7 people killed by police gunfire in Guinea protests

An anti-govern­ment movement is planning new protests in Guinea after its leaders said at least seven people were killed and 32 wounded during demonstra­tions in the capital, Conakry, and other cities.

Police in riot gear cracked down on demonstrators who threw rocks and burned tyres on Wednesday during the latest in a series of protests against the military government, which seized power in 2021.

Small-scale protests also took place in Nzerekore, a city in the southeast, and in the central town of Dabola.

Opposition parties and civil society groups said in a joint state­ment that at least seven people had been shot dead and 32 others suffered gunshot wounds.

They said 56 arrests were reported and a second day of peaceful demonstrations would go ahead as planned on Thurs­day. The military rulers have not responded to the allegations.

There have been several pro­tests in Guinea since the army took power, some of which have turned deadly after clashes with heavy-handed security forces.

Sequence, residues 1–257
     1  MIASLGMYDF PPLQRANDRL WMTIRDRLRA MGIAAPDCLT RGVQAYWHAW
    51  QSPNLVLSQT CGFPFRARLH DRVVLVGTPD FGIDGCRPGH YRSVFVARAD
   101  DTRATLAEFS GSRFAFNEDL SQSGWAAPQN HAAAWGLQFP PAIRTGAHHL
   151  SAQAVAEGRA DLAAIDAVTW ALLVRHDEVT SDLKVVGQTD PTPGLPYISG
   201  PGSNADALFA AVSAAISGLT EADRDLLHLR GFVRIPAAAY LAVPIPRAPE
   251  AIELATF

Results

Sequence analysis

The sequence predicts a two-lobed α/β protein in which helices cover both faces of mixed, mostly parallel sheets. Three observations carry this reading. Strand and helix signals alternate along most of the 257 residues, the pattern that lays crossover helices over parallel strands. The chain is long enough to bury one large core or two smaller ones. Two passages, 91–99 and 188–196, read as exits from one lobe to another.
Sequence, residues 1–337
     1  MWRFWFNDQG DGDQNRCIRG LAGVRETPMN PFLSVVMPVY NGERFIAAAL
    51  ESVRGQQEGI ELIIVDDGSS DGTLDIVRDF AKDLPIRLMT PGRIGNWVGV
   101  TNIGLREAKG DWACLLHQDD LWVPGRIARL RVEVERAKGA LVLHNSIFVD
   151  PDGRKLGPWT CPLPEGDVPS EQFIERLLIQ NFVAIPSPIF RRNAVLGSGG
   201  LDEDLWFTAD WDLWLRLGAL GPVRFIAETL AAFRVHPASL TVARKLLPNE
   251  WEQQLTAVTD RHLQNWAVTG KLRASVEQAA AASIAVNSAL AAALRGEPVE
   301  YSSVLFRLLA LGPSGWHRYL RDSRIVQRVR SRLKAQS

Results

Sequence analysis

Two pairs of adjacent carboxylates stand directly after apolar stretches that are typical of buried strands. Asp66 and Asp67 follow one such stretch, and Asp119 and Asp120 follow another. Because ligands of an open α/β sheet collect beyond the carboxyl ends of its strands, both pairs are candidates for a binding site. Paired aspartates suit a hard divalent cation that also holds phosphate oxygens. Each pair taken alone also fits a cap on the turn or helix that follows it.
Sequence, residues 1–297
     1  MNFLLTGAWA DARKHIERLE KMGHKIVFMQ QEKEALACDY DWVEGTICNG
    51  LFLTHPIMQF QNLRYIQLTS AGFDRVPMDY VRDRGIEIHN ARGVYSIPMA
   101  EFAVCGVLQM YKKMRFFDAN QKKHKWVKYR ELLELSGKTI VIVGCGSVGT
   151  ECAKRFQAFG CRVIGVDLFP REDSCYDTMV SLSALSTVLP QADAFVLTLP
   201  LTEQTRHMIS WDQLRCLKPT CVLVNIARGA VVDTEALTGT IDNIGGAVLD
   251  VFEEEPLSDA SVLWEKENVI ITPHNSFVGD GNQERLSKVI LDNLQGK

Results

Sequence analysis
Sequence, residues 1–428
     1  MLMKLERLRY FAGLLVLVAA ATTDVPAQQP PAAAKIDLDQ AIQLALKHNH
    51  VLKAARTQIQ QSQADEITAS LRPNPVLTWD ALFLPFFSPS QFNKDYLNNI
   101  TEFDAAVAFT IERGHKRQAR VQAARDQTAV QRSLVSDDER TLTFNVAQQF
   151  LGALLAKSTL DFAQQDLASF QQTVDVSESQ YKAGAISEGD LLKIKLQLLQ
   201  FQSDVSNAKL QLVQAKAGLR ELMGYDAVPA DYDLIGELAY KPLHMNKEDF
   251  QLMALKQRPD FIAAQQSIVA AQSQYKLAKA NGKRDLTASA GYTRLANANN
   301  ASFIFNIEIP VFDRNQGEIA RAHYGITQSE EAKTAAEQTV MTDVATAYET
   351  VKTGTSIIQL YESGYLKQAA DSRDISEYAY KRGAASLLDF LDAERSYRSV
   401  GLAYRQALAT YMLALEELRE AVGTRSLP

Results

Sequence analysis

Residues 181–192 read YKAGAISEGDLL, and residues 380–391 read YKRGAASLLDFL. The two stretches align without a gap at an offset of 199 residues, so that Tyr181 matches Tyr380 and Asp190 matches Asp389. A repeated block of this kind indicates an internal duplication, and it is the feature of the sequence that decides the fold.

The military government is one of several in West Africa that took power in a string of coups since 2020 and is now dragging its feet on promises of elections.

Authorities in Guinea proposed a two-year transition to democracy in October, down from a three-year timeline earlier rejected by the regional political and economic bloc, the Economic Community of West African States.

Contract teachers in Guinea have taken to the streets and are threatening further strikes as they are growing frustrated over payment arrears and lack of inte­gration into the country’s public system.

Demonstrators protested on April 24-30 across parts of the West African state, according to French news outlet, RFI. Some of the teachers have reportedly not received their salaries for seven months, and the strike comes one month before students are due to take their end-of-year exams.

Last week, the Ministry of Territorial Administration and the Ministry of Pre-University Edu­cation announced the payment of salaries, though no date has yet been set, RFI reported.

However, the ministries have said teachers’ contracts must first be updated and fraudulent cases screened out. —Reuters

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